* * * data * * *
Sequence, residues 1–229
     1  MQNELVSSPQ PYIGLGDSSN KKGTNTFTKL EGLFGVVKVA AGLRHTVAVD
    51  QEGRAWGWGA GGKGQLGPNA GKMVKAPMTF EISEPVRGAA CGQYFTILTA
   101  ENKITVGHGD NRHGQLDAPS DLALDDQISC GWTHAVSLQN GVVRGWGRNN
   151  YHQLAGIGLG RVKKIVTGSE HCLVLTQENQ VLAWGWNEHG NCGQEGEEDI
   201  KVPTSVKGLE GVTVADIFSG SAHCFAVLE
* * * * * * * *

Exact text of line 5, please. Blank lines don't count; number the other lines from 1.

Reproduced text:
   151  YHQLAGIGLG RVKKIVTGSE HCLVLTQENQ VLAWGWNEHG NCGQEGEEDI